are building throughout the course.

A general strategy for how to think through writing functions from scratch:

1. Come up with small general examples and think about what your function ideally should do for those

examples. Do you notice patterns or using similar logic for every example?

2. Formalize and generalize the logic you used in your small examples to the general case. How should

your function work on the intended input argument(s) in general? Outline or describe the steps your

function needs to do to output the desired result.

3. Consider any edge cases, i.e., valid inputs that your function is supposed to work on but may not use

the same logic as the general case to work. See if the logic you used in general extends to the edge case.

If not, think about whether the general case can be modified to accommodate the edge case.

In Chapter 4, we will consider a flow control statement (an if or if-else statement) that allows

you to use/write entirely separate logic for different cases.

Question 6

(a)

Write a function called my_length() that computes the number of elements of a vector without the length()

function. The output of my_length(x) and length(x) should be identical for any vector x. Your function

must work for vectors of any mode and vectors of length 0.

(b)

Test your my_length() function from (a) with the following inputs:

(i) numeric(0)

(ii) seq(1, 99, by = 2)

(iii) c(“waffles”, “friends”, “work”)

Question 7

(a)

Write a function called my_rev() that reverses the order of elements in a vector without the rev() function.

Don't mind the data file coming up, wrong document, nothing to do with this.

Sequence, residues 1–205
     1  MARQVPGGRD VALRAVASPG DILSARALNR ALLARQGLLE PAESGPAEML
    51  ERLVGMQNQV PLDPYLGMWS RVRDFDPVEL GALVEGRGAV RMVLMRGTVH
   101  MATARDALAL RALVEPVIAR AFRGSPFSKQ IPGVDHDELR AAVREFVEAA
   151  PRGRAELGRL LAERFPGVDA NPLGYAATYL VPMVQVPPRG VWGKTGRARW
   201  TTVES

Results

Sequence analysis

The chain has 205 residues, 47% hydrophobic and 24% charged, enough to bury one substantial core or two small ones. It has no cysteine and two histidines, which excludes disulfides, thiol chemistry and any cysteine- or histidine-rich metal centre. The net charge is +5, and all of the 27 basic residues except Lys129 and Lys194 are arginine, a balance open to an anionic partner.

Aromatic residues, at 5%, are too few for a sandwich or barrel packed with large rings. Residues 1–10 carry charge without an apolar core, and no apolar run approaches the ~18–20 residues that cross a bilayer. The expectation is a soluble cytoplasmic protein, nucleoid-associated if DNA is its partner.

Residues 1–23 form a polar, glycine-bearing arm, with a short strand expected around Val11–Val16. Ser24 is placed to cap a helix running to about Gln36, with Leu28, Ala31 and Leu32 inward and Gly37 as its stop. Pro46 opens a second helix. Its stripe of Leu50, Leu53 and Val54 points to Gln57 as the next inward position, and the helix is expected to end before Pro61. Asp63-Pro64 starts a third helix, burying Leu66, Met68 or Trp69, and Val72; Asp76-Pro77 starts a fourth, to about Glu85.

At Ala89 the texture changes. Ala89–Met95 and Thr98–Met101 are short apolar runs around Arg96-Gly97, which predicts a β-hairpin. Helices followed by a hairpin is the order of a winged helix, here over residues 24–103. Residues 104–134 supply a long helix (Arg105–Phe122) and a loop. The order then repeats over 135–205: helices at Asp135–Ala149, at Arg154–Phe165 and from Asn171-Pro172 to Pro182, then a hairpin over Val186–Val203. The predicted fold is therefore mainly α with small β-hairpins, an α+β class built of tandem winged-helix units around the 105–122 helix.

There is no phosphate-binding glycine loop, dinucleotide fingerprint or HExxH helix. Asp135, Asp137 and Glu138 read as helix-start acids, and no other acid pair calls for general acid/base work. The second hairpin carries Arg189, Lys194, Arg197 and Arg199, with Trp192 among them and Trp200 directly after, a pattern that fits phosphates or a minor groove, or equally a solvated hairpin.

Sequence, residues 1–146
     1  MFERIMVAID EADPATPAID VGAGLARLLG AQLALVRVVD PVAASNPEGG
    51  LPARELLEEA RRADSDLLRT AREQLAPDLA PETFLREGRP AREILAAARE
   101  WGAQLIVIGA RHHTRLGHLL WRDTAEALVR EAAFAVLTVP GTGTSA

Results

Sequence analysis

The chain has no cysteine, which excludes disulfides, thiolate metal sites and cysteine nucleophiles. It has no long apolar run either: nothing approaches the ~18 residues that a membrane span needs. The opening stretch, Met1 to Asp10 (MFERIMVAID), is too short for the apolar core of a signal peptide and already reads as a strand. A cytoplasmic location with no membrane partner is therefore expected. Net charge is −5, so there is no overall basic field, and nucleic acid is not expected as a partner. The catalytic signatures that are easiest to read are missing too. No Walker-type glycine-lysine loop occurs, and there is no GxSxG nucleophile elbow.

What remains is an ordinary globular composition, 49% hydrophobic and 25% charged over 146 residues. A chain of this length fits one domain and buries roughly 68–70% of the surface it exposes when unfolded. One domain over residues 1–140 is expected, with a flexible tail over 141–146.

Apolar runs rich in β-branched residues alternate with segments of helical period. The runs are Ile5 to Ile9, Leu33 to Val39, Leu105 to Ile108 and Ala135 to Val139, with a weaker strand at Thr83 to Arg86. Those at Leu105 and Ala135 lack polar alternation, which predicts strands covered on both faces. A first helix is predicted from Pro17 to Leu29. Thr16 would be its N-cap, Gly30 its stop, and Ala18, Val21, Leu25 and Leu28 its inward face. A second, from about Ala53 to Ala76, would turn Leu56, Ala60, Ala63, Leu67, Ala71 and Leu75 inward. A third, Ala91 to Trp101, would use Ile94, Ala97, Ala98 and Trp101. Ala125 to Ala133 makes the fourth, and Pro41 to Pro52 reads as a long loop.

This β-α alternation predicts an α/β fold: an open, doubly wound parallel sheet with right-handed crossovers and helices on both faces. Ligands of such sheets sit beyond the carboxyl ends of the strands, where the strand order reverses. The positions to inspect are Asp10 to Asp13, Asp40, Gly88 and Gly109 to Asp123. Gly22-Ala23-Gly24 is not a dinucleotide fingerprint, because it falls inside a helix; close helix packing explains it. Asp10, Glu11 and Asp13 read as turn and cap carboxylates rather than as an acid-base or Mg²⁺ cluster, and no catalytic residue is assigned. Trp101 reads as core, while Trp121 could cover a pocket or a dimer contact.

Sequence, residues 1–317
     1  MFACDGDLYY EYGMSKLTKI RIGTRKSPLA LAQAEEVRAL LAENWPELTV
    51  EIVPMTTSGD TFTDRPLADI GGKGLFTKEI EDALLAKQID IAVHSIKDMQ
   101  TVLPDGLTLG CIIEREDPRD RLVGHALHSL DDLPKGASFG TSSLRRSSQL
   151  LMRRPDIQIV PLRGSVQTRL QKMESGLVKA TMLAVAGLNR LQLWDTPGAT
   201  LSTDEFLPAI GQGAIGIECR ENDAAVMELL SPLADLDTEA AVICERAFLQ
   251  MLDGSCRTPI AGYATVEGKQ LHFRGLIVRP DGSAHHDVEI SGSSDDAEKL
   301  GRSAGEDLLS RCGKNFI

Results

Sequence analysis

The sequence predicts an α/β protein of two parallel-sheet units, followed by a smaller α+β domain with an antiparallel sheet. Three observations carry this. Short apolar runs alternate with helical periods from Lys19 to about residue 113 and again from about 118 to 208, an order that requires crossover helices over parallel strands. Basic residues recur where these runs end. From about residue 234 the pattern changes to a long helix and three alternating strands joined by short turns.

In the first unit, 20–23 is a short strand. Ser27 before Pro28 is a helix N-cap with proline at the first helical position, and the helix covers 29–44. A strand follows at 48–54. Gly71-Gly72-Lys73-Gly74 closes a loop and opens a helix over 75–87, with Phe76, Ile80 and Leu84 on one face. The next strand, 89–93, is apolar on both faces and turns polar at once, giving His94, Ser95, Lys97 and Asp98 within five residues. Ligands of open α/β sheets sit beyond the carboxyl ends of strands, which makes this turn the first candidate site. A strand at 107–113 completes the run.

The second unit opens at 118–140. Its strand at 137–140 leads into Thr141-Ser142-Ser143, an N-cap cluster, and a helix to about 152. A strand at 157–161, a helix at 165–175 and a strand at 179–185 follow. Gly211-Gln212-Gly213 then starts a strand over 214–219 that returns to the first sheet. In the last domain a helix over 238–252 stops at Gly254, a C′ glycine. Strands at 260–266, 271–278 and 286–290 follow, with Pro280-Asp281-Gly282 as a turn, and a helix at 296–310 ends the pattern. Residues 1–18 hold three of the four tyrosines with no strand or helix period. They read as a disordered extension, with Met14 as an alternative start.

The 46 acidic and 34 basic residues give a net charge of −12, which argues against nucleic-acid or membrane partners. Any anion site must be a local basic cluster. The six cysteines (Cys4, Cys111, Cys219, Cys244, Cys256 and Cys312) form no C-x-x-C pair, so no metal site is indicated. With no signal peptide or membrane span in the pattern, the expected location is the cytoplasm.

The output of my_rev(x) and rev(x) should be identical for any vector x. Your function must work for

vectors of length 0.

(b)

Test your my_rev() function from (a) with the following inputs:

(i) numeric(0)

(ii) seq(1, 99, by = 2)

(iii) c(“waffles”, “friends”, “work”)

5

Question 8

(a)

Write a function called front() that inputs a vector x and a number n and outputs the first n elements of x.

When n is greater than length(x), your function should just output x.

With n = 6, verify that your front() function works on the vectors numeric(0), seq(1, 99, by = 2), and

c(“waffles”, “friends”, “work”). Also verify with n = 0 that your front() function works on one of

the aforementioned vectors.

(b)

Write a function called back() that inputs a vector x and a number n and outputs the last n elements of x.

When n is greater than length(x), your function should just output x.

With n = 6, verify that your back() function works on the vectors numeric(0), seq(1, 99, by = 2), and

c(“waffles”, “friends”, “work”). Also verify with n = 0 that your back() function works on one of the

aforementioned vectors.

(c)

Read through the following pseudocode:

FUNCTION: insert_at()

INPUTS: x, the vector the values are to be added to.

values, the values to be included in the modified vector.

at, the starting index of the inserted values.

OUTPUT: a vector with values inserted into vector x at the specified position.

beginning <- subset of `x` values with indices less than `at`

ending <- subset of `x` values with indices greater-than or equal to `at`

new_vec <- combination of beginning, values, and ending

OUTPUT: new_vec

Use your front() and/or back() functions from (a) and (b) to write a function called insert_at() that

inserts elements in a vector.

(d)

Verify that your insert_at() function works by executing the following commands:

insert_at(1:5, c(0, 0, 0), at = 1)

[1] 0 0 0 1 2 3 4 5

insert_at(1:5, c(0, 0, 0), at = 3)

[1] 1 2 0 0 0 3 4 5

insert_at(1:5, c(0, 0, 0), at = 5)

[1] 1 2 3 4 0 0 0 5

insert_at(1:5, c(0, 0, 0), at = 6)

[1] 1 2 3 4 5 0 0 0